30.01.2016, 14:03, "Maggie Dennis" <email clipped>:

> The pictures may not be the individuals at all; they may be pornographic
> pictures of others that are misattributed. And sometimes the attribution is
> not to a real name, but to their usernames. In all cases, the intent seems
> to be to humiliate and hurt the target. Sometimes the goal seems to be to
> drive them away.

That was the story of Lightbreather, a English Wiipedia editor that 
self-identified as female. She ran afoul of some other editor that (IIRC, I'm 
confident this is basically correct) that labeled some images on a porn site as 
being her (they were labeled "Lightbreather"). The outcome (GET THIS!) was that 
she (Lightbreather!) was formally banned by Arbcom for complaining about it at 
Wikipedia. They said she was "outing" the culprit by calling attention to his 
off-wiki activities.  

Horrendous I know and tends to shows that Arbcom and the rest of Enwiki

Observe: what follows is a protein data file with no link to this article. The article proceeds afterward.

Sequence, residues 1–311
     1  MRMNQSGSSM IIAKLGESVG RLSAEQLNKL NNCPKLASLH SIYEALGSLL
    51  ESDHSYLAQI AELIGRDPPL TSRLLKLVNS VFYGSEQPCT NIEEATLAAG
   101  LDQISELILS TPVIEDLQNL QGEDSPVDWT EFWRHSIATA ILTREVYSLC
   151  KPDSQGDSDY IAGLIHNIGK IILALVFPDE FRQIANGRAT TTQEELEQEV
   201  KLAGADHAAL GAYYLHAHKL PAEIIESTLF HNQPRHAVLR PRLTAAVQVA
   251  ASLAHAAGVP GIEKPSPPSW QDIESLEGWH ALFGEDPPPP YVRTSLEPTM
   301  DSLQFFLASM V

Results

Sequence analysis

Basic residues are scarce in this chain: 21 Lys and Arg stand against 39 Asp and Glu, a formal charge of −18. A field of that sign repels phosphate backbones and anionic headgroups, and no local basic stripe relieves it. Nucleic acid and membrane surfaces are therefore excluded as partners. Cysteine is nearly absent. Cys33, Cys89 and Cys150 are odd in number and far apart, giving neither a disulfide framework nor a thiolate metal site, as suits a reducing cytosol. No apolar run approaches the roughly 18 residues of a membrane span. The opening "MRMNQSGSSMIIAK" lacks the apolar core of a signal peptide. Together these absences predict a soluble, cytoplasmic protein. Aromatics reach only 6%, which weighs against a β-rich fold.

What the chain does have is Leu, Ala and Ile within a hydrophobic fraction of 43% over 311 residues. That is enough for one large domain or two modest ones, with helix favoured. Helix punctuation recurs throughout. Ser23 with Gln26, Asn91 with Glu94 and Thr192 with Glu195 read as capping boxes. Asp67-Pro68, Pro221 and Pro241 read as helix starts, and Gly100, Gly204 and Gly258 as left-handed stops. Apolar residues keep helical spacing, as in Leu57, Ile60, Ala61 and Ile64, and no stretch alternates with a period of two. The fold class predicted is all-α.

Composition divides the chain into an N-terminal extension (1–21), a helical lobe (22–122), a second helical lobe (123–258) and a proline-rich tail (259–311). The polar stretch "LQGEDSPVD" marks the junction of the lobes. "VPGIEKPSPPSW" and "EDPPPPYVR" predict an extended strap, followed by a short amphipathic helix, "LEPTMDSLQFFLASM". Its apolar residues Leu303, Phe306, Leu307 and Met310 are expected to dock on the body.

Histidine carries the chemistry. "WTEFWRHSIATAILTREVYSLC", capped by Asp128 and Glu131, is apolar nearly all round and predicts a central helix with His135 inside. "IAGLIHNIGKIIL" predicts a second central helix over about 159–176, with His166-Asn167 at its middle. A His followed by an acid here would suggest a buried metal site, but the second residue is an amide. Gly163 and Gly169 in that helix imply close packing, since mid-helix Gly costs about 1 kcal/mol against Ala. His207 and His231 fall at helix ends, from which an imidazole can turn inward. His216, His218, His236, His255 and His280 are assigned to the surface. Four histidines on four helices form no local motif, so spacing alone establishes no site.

administrative structure genuinely have a problem with women, which they are 
often alleged to (i.e. in Gamergate and all that).

Trillium Corsage

PS: A similar thing happened to editor Kiefer Wolfowitz. After seeking in vain 
to get a email reply about another editor that was exhibiting 
curious-approaching-alarming interactions with boys and young men, he sought, 
in measured terms, comments from the arbs and WMF staff on WIkipedia. Arbcom 
then banned Kiefer, protecting the editor in question with whom at least one of 
the arbs (Wormthatturned) was very friendly. I guess a year or so after that, 
the WMF quietly issued a no-comment "SanFranBan" against the editor Kiefer had 
complained about. Which would indicate Kiefer had a legitimate concern all 

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